You would have got basis at the fair market value at date of death. Say FMV was $200,000. Then the gain would be calculated (Sales Price - $200,000 - Selling Cost).
If the transactions are closed, there is no way to structure a 1031 exchange. The problem with 1031 is that if you ever had access to the cash, you violated the rules of 1031. Therefore, it doesn't appear to be possible. See instructions for 1031 as follows: http://www.irs.gov/pub/irs-pdf/i8824.pdf
If you can substantiate either you or your brother living and owning in the property for 2 of the last 5 years, you may qualify for the $250,000 exclusion. If you or your brother can't meet this test but lived in the property for a while, there are some exceptions where you can prorate the $250,000 exclusion (such as health problems).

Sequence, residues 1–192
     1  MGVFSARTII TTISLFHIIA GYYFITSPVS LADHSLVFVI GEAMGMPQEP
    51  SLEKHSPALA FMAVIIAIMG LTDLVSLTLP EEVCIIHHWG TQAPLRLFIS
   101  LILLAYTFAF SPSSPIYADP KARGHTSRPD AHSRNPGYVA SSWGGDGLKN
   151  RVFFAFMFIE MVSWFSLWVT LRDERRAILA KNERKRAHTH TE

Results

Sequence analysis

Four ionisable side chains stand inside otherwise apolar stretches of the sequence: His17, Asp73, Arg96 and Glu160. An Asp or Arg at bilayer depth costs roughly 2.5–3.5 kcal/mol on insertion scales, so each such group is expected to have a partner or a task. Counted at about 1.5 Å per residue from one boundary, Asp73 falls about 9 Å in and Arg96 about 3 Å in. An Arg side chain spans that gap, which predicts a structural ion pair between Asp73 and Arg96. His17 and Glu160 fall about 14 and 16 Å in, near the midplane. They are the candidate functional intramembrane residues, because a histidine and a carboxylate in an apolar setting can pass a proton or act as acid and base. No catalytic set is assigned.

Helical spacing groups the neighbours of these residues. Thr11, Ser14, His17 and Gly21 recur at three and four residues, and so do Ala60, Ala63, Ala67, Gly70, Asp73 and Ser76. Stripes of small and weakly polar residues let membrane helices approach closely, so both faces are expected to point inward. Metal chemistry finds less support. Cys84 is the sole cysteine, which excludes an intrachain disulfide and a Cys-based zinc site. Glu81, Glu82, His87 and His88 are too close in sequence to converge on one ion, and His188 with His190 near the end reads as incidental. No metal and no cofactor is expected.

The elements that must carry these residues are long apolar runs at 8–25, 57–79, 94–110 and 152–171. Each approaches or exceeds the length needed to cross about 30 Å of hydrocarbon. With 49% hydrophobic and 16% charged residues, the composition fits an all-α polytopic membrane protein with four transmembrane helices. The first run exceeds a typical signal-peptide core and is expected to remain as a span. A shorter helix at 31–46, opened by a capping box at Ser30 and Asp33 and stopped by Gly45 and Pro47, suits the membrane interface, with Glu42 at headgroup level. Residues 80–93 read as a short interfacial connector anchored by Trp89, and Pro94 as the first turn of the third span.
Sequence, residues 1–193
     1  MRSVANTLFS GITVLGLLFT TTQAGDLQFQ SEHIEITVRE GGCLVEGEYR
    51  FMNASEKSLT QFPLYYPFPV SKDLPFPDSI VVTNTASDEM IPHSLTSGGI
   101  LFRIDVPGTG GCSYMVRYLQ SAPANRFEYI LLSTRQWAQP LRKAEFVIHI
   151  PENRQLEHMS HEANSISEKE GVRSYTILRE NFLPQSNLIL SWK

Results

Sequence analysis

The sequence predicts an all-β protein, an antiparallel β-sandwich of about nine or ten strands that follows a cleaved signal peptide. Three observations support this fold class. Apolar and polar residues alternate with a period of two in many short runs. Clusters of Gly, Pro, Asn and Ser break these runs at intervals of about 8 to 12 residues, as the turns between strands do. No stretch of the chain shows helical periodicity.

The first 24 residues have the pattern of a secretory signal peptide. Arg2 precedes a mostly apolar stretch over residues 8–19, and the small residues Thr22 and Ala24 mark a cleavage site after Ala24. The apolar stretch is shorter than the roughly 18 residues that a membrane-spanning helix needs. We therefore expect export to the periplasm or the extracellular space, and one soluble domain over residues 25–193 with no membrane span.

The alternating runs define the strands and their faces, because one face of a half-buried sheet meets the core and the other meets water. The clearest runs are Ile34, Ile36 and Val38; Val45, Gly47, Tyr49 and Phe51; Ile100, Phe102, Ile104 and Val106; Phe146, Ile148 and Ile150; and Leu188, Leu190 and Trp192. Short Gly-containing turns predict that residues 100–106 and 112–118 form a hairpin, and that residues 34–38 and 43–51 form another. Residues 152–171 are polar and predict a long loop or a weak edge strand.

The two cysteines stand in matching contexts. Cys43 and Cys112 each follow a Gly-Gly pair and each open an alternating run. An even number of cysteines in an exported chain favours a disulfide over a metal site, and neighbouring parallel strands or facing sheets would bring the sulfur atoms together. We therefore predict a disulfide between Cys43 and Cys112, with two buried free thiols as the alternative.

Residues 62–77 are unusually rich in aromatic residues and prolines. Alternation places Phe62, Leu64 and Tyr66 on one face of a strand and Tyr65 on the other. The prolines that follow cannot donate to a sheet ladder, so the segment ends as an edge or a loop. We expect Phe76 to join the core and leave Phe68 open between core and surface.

I would recommending, brainstorming to come up with as many additional expenses (flooring, plumbing, anything) you can associate with the property, include all escrow cost.
I don't believe there is anyway to invalidate the quick claim. You would need to consult with an attorney on this issue.